Your thought process may be one of, "Why should I be grateful that I have a court date?” Or, "Do you seriously expect me to pretend to be happy about losing my spouse?" “I can’t do what he is asking me, I am too scared to give that presentation. I will fail.” The answer as we face life’s challenges and/or pain, in short: gratitude is not about giddy optimism or proud moments of surviving circumstances. As we accept life’s events, we do not have to approve of them. In fact, if we keep our self-care routines in place then when that life altering or intimidating event occurs, we are able to take it in, marinate in what really just occurred, process it in the stages of grief or take gentle intentional action, whichever applies.
According to studies, people who express gratitude on a daily basis have more good feelings, feel more alive, and display more compassion and generosity towards others. When you begin to be grateful for what you have, your viewpoint shifts, your energy shifts, and the results improve in some way. Gentle intentional action is the opposite of denial or survival. In both grief or gentle intentional action, we choose to be present to the feeling and present to what the moment requires. Gratitude is not about heroism or having a bronze toughened exterior. No question the event is hard, undesirable, awful even. But, these are the moments when gratitude can save our butt.
Stop fighting the process
Can you accept where you are in your life? It can be done if you will stop contending with it.
Change your fortitude
One of the best aspects of recovery and facing loss or setbacks headon is that it can give you an opportunity to change your mindset. Many people think the world is out to get them or that they are not worthy of living the life because things have not gone the way they want. This mentality can be changed with the recovery tools and skills offered to you in treatment. And the place we go from here is up, we look up and that helps determine where our feet go. We tend to want to lay down and sulk when losses stack up. Gratitude for the little things is what gets us through in these times. Gratitude for clean water, for clothes to wear, for someone who looked you in the eyes and acknowledged your human existence, for a toilet to use, for a food pantry nearby.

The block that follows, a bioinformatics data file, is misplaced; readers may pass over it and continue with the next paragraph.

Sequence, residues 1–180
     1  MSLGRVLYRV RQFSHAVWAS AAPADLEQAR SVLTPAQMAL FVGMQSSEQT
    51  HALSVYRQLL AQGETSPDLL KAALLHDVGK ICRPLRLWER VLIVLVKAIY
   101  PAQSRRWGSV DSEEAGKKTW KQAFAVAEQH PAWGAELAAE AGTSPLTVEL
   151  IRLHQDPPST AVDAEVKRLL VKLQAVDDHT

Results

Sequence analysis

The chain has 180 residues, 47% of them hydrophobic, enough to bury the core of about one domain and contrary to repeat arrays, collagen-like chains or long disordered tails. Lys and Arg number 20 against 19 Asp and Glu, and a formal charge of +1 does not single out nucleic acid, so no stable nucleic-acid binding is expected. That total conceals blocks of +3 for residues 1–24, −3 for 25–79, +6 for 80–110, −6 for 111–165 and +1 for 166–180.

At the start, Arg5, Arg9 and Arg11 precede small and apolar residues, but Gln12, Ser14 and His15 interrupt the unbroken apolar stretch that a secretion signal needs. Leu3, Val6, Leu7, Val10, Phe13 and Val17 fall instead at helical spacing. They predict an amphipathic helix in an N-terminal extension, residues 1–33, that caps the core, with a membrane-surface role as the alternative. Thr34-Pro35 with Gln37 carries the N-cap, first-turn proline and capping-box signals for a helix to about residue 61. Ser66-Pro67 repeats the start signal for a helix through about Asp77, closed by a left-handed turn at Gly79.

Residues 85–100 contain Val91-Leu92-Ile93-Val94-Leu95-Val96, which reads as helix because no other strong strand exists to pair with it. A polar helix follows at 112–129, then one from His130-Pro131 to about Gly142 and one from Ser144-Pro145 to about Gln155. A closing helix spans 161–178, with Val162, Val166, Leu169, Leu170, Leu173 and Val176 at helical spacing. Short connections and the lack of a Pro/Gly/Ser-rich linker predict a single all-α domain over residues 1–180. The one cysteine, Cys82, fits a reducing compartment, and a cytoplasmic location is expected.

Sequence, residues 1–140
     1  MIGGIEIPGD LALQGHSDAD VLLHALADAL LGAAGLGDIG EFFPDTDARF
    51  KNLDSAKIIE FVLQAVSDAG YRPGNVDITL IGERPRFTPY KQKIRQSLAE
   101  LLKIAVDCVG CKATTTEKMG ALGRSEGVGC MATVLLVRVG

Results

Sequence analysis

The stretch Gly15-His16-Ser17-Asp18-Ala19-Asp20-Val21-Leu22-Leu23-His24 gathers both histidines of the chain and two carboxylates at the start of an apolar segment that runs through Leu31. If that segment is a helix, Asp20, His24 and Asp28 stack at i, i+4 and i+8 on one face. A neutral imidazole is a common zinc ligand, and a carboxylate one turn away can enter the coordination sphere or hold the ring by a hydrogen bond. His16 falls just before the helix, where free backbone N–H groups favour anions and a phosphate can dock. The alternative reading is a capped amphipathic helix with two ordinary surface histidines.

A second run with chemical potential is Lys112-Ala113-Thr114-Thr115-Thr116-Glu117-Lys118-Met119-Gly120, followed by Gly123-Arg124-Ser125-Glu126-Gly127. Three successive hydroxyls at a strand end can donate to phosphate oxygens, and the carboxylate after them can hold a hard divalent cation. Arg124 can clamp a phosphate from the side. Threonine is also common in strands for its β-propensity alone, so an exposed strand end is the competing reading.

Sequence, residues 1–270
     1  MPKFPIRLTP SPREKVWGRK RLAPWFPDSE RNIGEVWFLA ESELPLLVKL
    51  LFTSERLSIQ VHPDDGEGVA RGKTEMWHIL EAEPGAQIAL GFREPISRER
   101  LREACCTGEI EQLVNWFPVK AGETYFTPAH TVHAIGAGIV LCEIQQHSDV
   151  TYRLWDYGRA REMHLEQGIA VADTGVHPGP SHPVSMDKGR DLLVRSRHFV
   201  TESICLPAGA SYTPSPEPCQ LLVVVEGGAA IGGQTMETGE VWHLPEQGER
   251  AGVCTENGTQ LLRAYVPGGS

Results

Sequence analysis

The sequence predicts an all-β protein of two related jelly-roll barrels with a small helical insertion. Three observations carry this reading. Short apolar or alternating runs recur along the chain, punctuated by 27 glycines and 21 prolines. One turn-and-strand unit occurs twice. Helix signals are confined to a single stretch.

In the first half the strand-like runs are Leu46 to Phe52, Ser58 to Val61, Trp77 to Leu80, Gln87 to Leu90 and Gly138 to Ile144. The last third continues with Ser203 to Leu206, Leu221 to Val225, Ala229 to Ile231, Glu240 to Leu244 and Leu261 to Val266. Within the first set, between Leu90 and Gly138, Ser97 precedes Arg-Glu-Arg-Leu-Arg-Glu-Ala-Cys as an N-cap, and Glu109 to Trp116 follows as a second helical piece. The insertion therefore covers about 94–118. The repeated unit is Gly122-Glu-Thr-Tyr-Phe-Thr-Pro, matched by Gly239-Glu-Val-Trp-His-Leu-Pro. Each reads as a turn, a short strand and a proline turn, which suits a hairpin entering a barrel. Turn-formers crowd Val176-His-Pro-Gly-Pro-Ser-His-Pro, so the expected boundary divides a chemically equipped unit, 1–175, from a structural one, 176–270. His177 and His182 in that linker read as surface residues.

Feeling emotions is a gift and a responsibility. We do not get to pick which ones to feel. As we go through life, many times we will not feel grateful. But, we can choose to be grateful. Gratitude is the act of taking an inventory of the present moment: physical, mental, emotional, social, environment, academic, professional, spiritual. A gratitude inventory is a treasure hunt for what is, not for whether we feel grateful. We can be in a gratitude treasure hunt and feel angry, alone and despairing. Please do not picture a field of tulips when we talk about gratitude. We are as real as it gets here. Gratitude is acknowledging facts, not feelings. Feelings can coexist with positive circumstances. For example, you can feel anxious and regretful about how you behaved last night but in the same moment be grateful that you started a new day with prayer, movement and two 12 oz glasses of water. Now, you can get to action to face those feelings from last night if you need to make something right with a person or to consider what you will do differently next time. Emotions are feedback in our body and mind and they matter. But, gratitude is there too and it is a 100 / 100 relationship. They both matter equally.